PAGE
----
Norman Macleod, C.J.
1. The plaintiff applied in darkhatt No. 138 of 1918 for a stay of execution proceeding for the execution of the decree in Suit No. 69 of 1915, pending the disposal of his Suit No. 110 of 1918 in which he prayed for a declaration that the decree in Suit No. 69 of 1915 was void and incapable of execution as against him.
2. The First Class Subordinate Judge of Poona made an order for stay of execution in darkhast No. 138 of 1918 pending the disposal of the plaintiff's suit, on the plaintiff's furnishing security to the extent of Rs. 11.000.
3. The question now arises whether that is an appealable order. It can only be appealable if it is an order under Section 47. In Section 47 no mention is made of an order for stay of execution. The words which appear at the end of Section 244(c) in the Code of 1882, 'or to the stay of execution thereof' have been omitted. It is argued that the words are omitted because they are unnecessary, the question regarding the stay of extension being a question regarding the execution of a decree. Reference must be made to Section 2 in which 'a decree' is defined. It is provided that 'decree shall be deemed to include the rejection of a plaint and the determination of any (question within Section 47,' It is therefore, intended that orders made under Section 47, as being in the nature of decrees, should be appealable as decrees. It is difficult to imagine that the Legislature thought that an order for the stay of execution would be considered in any way as in the nature of a decree and that, therefore, it should be deemed to be included within the term 'decree'. A question relating to the stay of execution is within the discretion of the Court to which the application is made, and it is certainly not desirable to extend the number of appealable orders unless there is distinct authority for such an extension.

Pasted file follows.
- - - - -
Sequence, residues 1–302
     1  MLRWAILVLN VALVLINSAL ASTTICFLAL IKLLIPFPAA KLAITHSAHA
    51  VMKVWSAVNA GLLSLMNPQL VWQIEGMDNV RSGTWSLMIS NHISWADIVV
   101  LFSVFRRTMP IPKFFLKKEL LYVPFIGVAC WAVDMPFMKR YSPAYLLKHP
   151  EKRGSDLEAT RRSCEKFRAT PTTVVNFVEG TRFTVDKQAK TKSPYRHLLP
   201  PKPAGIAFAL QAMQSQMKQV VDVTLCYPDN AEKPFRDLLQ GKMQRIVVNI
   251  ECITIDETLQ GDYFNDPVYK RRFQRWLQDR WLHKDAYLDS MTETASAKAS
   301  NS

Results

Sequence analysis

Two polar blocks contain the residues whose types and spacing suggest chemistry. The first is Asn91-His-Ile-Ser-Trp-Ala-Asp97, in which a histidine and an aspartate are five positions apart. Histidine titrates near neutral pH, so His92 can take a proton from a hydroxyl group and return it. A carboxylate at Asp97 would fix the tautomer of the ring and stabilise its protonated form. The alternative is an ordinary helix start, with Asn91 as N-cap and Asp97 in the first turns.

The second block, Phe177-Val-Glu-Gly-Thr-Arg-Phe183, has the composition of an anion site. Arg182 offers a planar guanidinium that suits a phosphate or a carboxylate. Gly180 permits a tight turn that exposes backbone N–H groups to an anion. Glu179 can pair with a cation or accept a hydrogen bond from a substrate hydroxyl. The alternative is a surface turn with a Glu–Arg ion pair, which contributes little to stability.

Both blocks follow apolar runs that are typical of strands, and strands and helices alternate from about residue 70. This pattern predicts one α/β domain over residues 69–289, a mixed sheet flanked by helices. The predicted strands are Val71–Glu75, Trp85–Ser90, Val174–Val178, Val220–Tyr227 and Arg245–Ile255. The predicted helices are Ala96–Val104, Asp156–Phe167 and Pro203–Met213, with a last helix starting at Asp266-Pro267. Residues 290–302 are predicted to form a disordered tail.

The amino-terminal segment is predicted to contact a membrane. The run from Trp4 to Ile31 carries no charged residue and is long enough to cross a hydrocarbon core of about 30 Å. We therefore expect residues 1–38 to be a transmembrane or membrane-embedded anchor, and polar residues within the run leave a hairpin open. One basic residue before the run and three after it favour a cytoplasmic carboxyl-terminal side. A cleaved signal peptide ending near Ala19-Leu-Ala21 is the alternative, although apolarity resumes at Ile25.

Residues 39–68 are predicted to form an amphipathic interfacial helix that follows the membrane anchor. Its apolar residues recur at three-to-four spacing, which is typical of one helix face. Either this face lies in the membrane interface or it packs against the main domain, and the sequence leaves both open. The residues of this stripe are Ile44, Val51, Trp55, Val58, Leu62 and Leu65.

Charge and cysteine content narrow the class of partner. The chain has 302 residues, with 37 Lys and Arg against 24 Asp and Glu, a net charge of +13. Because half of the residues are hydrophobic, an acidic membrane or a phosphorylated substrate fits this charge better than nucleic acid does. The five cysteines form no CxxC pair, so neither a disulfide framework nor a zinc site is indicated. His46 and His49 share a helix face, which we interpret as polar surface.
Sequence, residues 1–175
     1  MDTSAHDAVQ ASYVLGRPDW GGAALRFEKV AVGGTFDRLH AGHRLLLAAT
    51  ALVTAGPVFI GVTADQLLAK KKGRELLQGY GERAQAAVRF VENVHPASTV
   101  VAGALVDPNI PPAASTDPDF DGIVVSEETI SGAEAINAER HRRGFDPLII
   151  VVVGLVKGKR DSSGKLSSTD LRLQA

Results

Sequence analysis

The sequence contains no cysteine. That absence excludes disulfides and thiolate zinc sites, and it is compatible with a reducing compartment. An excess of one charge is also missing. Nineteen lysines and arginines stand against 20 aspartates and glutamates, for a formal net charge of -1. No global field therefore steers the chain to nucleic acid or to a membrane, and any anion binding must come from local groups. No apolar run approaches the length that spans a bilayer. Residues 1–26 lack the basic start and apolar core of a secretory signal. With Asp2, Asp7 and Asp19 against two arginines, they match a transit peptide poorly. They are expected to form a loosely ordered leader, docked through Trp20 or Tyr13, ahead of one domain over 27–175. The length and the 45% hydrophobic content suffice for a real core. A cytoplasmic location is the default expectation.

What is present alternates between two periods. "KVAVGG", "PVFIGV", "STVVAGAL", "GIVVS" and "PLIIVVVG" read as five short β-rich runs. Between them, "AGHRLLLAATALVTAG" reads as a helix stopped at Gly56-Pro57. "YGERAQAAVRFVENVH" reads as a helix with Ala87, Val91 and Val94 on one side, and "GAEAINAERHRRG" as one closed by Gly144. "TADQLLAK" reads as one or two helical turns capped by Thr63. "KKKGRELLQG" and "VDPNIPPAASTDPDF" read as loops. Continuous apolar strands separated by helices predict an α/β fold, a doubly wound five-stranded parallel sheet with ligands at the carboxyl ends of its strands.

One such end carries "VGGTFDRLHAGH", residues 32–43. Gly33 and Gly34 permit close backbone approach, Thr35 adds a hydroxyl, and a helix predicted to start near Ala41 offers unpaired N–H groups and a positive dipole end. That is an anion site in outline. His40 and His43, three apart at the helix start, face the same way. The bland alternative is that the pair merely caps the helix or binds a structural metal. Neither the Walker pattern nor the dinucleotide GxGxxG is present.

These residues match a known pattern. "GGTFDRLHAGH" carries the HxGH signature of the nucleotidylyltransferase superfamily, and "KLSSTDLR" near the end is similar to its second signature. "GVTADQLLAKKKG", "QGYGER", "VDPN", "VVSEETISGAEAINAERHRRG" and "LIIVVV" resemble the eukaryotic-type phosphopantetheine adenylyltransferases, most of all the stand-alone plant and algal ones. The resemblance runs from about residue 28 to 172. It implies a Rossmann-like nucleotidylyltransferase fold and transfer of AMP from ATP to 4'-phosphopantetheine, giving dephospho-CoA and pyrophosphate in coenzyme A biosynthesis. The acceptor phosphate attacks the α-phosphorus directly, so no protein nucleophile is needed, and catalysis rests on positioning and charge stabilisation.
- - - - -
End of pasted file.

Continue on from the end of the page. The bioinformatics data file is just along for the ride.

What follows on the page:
4. I note this is the view taken by Mr. Mulla in his commentary, while the opposite view is taken by Mr. Woodroffe.
5. The appeal, therefore, must be dismissed with costs.
6. I consur. I would only add one further argument in favour of the view that no appeal lies. No doubt the words 'questions relating to the execution of a decree' are very wide and prima facie cover a question regarding stay of execution of a decree. But in construing the words of Section 47 the Court is entitled to have regard to the fact that the corresponding Section of the old Code contains an express reference to a stay of execution, which has been omitted in the present section. I do not think that this omission is necessarily due to its being considered that the previous words of the section wore wide enough to cover this particular question. I think it is very likely that it was considered that a suit would never be brought in regard to the mere question of a stay of execution and that it was, therefore, unnecessary to make the section cover such a question.